The Long-Run Effects of Disruptive Peers
A large and growing literature has documented the importance of peer effects in education. However, there is relatively little evidence on the long-run educational and labor market consequences of childhood peers. We examine this question by linking administrative data on elementary school students to subsequent test scores, college attendance and completion, and earnings. To distinguish the effect of peers from confounding factors, we exploit the population variation in the proportion of children from families linked to domestic violence, who were shown by Carrell and Hoekstra (2010, 2012) to disrupt contemporaneous behavior and learning. Results show that exposure to a disruptive peer in classes of 25 during elementary school reduces earnings at age 26 by 3 to 4 percent. We estimate that differential exposure to children linked to domestic violence explains 5 to 6 percent of the rich-poor earnings gap in our data, and that removing one disruptive peer from a classroom for one year would raise the present discounted value of classmates' future earnings by $100,000.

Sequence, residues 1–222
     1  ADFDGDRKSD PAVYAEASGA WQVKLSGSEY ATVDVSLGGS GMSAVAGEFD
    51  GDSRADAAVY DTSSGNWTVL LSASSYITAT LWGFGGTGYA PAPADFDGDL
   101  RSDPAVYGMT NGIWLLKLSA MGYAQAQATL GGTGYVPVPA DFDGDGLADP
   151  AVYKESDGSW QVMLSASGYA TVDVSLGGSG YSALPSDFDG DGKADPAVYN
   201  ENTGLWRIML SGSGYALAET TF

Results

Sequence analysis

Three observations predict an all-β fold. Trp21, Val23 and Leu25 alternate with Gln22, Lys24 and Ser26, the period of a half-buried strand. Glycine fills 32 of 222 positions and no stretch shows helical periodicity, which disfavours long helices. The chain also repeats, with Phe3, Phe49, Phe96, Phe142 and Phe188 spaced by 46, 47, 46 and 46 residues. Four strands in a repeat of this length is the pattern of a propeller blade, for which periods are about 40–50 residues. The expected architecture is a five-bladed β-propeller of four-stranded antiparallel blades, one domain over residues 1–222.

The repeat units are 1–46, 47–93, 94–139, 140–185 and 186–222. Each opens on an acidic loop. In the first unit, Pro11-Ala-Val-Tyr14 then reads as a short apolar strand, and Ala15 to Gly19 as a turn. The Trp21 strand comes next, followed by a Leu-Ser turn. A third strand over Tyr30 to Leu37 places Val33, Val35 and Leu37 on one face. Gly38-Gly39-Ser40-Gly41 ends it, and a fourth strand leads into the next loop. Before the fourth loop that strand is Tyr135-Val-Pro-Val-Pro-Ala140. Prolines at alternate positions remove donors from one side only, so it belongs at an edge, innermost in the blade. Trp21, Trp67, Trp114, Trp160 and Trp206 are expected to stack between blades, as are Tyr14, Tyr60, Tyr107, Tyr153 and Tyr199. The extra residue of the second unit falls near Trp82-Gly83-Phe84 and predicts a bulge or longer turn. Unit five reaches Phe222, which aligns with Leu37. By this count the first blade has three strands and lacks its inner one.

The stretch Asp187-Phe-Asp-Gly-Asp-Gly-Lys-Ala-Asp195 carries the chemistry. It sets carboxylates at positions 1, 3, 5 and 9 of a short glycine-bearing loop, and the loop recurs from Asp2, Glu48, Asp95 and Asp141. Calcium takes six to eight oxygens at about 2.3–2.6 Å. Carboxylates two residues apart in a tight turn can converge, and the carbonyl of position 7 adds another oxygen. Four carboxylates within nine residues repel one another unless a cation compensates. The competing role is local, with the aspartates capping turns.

We are grateful to the Florida Department of Education and Hidahis Figueroa at the Department of Research and Evaluation of the School Board of Alachua County for providing us the data. We also acknowledge financial support from the UC Davis Center for Poverty Research. We would also like to thank seminar participants at the Brigham Young University, the Federal Reserve Bank of New York, the Fall 2015 NBER Education Program Meeting, the 2015 Annual Meeting of the Southern Economic Association, the 2015 Stata Texas Empirical Microeconomics Conference, and the 2015 Annual Meeting of the Western Economic Association for helpful comments and suggestions. The views expressed herein are those of the authors and do not necessarily reflect the views of the National Bureau of Economic Research.
- High-school test scores, college enrollments, and early-adult earnings suffer. Teachers, parents, and researchers have long...
Scott E. Carrell & Mark Hoekstra & Elira Kuka, 2018. "The Long-Run Effects of Disruptive Peers," American Economic Review, American Economic Association, vol. 108(11), pages 3377-3415, November. citation courtesy of